Valium is a benzodiazepine with many indications but is most commonly used to treat anxiety, seizures or alcohol withdrawal. It is classified as a Schedule IV substance under the Controlled Substances Act, meaning addiction can develop even if taking this medication as prescribed.
Withdrawal from diazepam can result in many uncomfortable and dangerous side effects similar to other benzodiazepines; therefore, it is not recommended to stop Valium cold turkey. Instead, tapering off Valium can reduce the chances of severe withdrawal symptoms like seizures. For this reason, taking it at the lowest effective dose and for the shortest time necessary is essential.
Valium is most often used for anxiety, alcohol withdrawal or treating seizures but is also used for muscle spasms, night terrors or sedation for medical procedures. Benzos, like Valium, work by decreasing the signals between the brain and body by increasing the activity of a chemical called gamma-aminobutyric acid (GABA). This activity increase can result in feelings of calm and relaxation, which help with anxiety.
In addition to feeling calm and relaxed after taking Valium, it can lead to several other side effects. These can include:
It is not recommended to stop Valium cold turkey. The body compensates for having Valium in the system consistently over time and will require time to adjust when Valium is stopped. Most people wanting to stop Valium will do so slowly over many weeks for this reason. By gradually stopping Valium, the chances of severe withdrawal symptoms like seizures are less likely.
It is essential to discuss your desire to stop taking Valium with your healthcare provider for a personalized recommendation. Safely stopping Valium differs from person to person and will depend on many factors, including how much you take and how long you have been taking that dose.
Diazepam withdrawal can result in many symptoms, similar to other benzodiazepines. These are from abruptly stopping or tapering off of Valium too quickly and not allowing the body enough time to adjust. In general, withdrawal symptoms have the opposite effect as the substance. In the case of Valium withdrawal, symptoms can include:
The diazepam withdrawal timeline can differ from person to person and may depend on factors like how much Valium you take and for how long. Other factors include medications or alcohol taken with Valium, genetics or kidney and liver function. In general, there are three phases in the diazepam withdrawal timeline.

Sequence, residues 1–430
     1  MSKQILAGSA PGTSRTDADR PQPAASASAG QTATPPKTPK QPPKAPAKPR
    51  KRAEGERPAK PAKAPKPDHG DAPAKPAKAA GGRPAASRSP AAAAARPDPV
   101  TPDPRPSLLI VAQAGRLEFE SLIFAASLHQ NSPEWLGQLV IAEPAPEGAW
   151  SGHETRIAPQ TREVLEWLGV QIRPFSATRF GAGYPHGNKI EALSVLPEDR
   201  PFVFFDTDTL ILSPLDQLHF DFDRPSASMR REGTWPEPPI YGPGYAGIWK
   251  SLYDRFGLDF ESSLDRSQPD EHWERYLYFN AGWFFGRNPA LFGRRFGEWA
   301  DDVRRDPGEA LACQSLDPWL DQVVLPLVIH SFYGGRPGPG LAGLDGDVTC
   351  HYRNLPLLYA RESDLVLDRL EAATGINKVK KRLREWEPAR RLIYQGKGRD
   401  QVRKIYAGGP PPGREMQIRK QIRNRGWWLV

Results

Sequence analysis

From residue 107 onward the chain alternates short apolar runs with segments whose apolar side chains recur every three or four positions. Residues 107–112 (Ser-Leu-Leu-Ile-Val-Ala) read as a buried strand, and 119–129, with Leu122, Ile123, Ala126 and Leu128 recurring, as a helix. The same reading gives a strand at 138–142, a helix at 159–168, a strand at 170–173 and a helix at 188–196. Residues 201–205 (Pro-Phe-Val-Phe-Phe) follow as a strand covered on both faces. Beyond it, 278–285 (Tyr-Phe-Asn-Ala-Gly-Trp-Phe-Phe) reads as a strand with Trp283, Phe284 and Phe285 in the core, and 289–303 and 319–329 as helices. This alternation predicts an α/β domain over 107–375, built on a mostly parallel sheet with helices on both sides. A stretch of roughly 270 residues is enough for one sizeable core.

Tapering off Valium is recommended for most people. Quitting Valium this way can help prevent withdrawal symptoms and increase the likelihood of staying sober. In addition, under medical supervision, any withdrawal symptoms that happen due to tapering Valium too quickly can usually be managed easily. Most importantly, deciding to quit Valium means taking the first step toward taking your life back.
Your healthcare provider will determine the most appropriate taper schedule after considering your specific needs. However, a sample Valium taper schedule may look like this:
You might wonder, “How long does it take to detox from Valium?” This timeframe can differ between people and depends on many factors, including how much you have been taking and for how long, your liver and kidney function and if you take other substances regularly. However, it can generally take the body up to 10 days to eliminate just one dose of Valium. This is because Valium has a very long half-life compared to other benzos. A substance’s half-life is the time it takes the body to metabolize and eliminate half of one dose.
At The Recovery Village Columbus, our licensed, compassionate staff and accredited facilities are here to provide you with the support you need. We offer treatment programs ranging from medical detox to inpatient and outpatient treatment. No matter where you are on your path to recovery, we can help.
Contact us if you or a loved one are ready to discuss Valium addiction. Our admissions coordinators are available to talk 24 hours a day, seven days a week, to help you lead a healthier life today.
The Recovery Village aims to improve the quality of life for people struggling with a substance use or mental health disorder with fact-based content about the nature of behavioral health conditions, treatment options and their related outcomes. We publish material that is researched, cited, edited and reviewed by licensed medical professionals. The information we provide is not intended to be a substitute for professional medical advice, diagnosis or treatment. It should not be used in place of the advice of your physician or other qualified healthcare provider.